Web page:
Yellen takes over
Why President Obama made the right choice
by Meghnad Desai in London
Thu 10 Oct 2013
President Barack Obama has now done the deed. He has appointed Janet Yellen to Chairman of the Federal Reserve Board. OMFIF has been arguing her case for some months now (click here to read my article ‘Janet Yellen for Fed Chairman' in the June 2013 edition of the OMFIF Monthly Bulletin).
Let us hope Congress does not take too long to confirm her name. Obviously one ground for congressional scrutiny will be the issue of gender. Obama has chosen Yellen on grounds of merit and not just to demonstrate positive discrimination in favour of women. As I put it in an earlier OMFIF Commentary (click here to read) she is 'the best man for the job.’
Yellen has a fantastic track record having been Chairman of the President’s Council of Economic Advisers (CEA); Head of the San Francisco Fed; Vice Chairman of the Fed Board of Governors; and Professor of Economics at the University of California, Berkeley. She has good academic credentials, good managerial experience and is on record as being decisive but also willing to build consensus.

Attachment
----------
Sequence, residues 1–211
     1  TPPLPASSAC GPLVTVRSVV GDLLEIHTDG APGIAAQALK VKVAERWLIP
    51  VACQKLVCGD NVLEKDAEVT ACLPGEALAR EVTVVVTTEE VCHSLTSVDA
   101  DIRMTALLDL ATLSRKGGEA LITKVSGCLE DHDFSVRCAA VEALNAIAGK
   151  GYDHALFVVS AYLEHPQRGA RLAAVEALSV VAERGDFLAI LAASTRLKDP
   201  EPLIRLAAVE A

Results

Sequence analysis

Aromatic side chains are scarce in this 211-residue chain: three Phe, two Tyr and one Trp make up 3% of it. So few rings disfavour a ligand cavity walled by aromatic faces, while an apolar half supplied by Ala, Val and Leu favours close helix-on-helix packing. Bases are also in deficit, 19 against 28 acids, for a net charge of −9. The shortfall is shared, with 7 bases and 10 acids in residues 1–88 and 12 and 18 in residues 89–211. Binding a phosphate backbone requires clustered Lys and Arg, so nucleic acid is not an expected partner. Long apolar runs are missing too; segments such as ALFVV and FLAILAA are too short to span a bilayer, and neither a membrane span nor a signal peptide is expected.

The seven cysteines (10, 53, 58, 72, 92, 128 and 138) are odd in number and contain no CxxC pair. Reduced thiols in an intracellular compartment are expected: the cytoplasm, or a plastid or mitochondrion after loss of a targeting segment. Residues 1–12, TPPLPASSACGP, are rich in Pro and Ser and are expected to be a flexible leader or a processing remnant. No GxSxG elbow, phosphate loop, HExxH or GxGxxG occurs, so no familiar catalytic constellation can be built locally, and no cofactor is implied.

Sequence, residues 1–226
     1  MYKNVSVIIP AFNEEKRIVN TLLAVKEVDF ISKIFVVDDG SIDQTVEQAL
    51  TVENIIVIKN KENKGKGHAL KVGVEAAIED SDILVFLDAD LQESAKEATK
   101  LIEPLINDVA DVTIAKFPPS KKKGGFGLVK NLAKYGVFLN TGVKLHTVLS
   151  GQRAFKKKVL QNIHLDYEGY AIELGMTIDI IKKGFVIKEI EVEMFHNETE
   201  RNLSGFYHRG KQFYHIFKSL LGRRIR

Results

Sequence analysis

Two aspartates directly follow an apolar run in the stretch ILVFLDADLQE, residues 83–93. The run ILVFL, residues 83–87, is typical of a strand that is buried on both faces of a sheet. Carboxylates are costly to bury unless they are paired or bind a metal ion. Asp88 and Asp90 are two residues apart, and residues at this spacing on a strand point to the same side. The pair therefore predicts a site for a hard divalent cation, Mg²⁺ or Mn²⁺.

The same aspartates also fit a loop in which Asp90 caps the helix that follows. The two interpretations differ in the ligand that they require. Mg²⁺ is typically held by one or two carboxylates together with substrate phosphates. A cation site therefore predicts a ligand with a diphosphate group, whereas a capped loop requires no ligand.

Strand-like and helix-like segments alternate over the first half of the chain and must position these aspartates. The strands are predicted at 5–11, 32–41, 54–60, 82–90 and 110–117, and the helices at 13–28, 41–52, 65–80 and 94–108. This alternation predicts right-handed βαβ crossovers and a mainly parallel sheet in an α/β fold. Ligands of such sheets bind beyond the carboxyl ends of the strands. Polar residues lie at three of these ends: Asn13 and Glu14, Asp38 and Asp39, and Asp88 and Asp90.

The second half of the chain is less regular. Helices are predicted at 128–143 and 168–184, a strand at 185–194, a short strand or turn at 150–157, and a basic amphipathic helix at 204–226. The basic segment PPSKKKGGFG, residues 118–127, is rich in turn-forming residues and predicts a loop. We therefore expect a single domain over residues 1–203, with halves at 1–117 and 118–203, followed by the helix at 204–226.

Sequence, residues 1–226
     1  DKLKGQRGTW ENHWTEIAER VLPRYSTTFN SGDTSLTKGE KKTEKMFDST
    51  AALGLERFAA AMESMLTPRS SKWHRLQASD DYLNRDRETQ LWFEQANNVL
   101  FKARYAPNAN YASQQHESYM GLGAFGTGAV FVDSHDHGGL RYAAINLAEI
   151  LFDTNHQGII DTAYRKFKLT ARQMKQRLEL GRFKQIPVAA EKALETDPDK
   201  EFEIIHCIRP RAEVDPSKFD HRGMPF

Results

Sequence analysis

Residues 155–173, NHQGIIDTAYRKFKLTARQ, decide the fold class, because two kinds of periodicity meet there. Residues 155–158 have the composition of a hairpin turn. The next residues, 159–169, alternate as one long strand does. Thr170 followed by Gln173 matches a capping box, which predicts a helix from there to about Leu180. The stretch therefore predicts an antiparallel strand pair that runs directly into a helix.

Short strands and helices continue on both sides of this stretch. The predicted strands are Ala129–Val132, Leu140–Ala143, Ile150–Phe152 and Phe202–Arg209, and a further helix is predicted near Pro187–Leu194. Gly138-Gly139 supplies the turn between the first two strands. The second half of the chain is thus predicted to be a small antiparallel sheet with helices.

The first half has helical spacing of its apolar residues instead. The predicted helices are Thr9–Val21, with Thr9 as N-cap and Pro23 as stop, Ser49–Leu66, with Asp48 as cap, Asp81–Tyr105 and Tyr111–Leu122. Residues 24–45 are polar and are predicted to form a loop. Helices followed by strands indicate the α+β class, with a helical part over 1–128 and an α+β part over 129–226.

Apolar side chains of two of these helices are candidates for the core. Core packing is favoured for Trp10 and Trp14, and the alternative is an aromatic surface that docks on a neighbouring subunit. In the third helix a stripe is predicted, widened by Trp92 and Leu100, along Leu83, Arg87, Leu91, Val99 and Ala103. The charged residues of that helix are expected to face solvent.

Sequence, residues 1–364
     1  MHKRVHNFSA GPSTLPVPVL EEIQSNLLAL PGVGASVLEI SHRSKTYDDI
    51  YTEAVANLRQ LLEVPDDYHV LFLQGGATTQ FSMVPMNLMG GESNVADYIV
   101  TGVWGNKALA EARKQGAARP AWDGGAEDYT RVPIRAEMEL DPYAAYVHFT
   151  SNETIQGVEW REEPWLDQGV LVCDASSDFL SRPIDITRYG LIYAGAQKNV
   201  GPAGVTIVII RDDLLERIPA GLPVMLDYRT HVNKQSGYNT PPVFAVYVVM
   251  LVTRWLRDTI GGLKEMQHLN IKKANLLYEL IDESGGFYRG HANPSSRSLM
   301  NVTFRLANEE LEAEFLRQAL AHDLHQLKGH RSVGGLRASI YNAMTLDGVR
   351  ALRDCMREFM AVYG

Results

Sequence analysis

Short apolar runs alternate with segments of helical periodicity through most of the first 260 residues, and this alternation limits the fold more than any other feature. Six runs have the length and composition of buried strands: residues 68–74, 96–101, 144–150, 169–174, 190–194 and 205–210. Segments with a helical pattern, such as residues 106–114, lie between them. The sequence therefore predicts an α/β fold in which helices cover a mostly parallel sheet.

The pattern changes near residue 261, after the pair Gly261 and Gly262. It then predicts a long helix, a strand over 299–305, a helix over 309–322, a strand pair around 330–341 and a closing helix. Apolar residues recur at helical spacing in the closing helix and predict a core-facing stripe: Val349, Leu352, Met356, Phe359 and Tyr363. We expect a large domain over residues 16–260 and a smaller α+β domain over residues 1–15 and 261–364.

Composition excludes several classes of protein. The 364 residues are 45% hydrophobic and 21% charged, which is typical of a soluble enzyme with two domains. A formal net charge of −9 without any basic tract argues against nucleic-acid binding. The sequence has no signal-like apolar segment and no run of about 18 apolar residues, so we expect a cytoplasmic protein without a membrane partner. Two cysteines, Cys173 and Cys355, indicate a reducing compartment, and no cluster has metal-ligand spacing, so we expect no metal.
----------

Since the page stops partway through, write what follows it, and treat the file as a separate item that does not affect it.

The other major issue is going to be Yellen’s policy stance. As usual, people will ask whether she is a hawk or a dove. Ornithological expressions are used to label people rigidly one way or another. But as her record shows, Yellen is driven by evidence and the analytical tools the Fed has at its disposal. She is a Democrat and so obviously more concerned with the plight of the worse-off, and about employment and growth. But she is no slouch on inflation.
We have to remember that it was under Bill Clinton that the US achieved a balanced budget for the first time in 40 years and in the years since the record has been unsurpassed. Inflation is not likely to be the major concern of the world for two to three years yet. As and when it is, Yellen will be up to it. She will forge a consensus in the Fed to act if the need arises.
The crucial thing is communication. There is no doubt that in his final lap Bernanke has faltered on the communications front. His testimony to Congress in May did not fully clarify that he was proposing a variable rule for tapering and de-tapering as the economy responded. The confusion was compounded in the months following and caused a firestorm in emerging markets last month. Yellen, having been Chairman of the CEA, has been in a more politically exposed position and will know how to communicate the Fed’s intentions clearly.
There is no reason why she should not be an outstanding Fed Chairman.
Lord (Meghnad) Desai, Chairman of the OMFIF Advisory Board, is Emeritus Professor of Economics at the London School of Economics and Political Science.
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